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Nitrogen narcosis is a condition in which the consciousness of an individual is adversely affected as the result of diving in a deep body of water. The individual may become light-headed, have difficulty concentrating, or possibly experience hallucinations.
This condition is know by several different names. Many experienced divers refer to the condition as simply narcosis. Others prefer a slightly more explanatory name, such as inert gas narcosis. People who enjoy fanciful names for different health issues may refer to this condition as the Martini effect or Raptures of the Deep.
By whatever name, the symptoms of nitrogen narcosis are the same. As the diver advances to a deeper depth, he or she may begin to feel slightly intoxicated, not unlike the warm feeling that if experienced after having one or two alcoholic drinks. At first, the sensation may be pleasant. However, it rapidly moves on to have a negative impact on the diver’s ability to think coherently, a situation that could place the diver in a great deal of danger.
Along with the increasing sense of being intoxicated, some divers also experience severe anxiety as they continue to move deeper into the water. The anxiety can manifest as a full-blown panic attack, effectively rendering the diver unable to maintain a sense of direction or bearing. Some numbness in the extremities may take place, as well as difficulty in moving the hands and feet.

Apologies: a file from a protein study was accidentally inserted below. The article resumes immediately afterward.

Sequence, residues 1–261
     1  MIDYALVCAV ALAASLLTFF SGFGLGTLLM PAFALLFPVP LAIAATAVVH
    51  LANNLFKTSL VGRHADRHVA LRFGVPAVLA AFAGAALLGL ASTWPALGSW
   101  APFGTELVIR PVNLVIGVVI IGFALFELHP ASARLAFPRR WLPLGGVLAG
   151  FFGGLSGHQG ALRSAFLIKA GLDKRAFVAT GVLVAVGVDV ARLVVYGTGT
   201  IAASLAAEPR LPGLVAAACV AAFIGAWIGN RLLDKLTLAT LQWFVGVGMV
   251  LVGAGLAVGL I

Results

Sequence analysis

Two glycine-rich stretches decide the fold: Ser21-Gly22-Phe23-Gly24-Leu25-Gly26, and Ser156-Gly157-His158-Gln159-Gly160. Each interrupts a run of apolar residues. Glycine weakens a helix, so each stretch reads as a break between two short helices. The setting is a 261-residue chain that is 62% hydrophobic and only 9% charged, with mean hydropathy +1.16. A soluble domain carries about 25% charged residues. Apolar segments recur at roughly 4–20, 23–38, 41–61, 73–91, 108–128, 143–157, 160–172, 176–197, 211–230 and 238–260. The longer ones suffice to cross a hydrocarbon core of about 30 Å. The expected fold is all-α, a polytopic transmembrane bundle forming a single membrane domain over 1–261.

The nitrogen narcosis symptoms only get worse as the diver moves to a greater depth. There is no way to build up a tolerance for the symptoms, and they will not level off of their own accord. Unless the diver recognizes what is happening and stops the descent, there is a very real chance of injury or even death.
Fortunately, the process of nitrogen narcosis treatment is a simple one: reverse the descent and return to a level that is closer to the water surface. As the diver rises, the symptoms will begin to fade. After leaving the water, most divers who experience even a severe bout of narcosis are fully recovered in a few minutes.
Over time, divers develop a good idea of how deep they can dive without having the ill effects of nitrogen narcosis reach a serious level. In any event, it is wise to always dive with a partner nearby. Should the diver for some reason fail to remain at a safe depth, the other diver can assist the disoriented partner and return him or her to the safety of the water’s surface.
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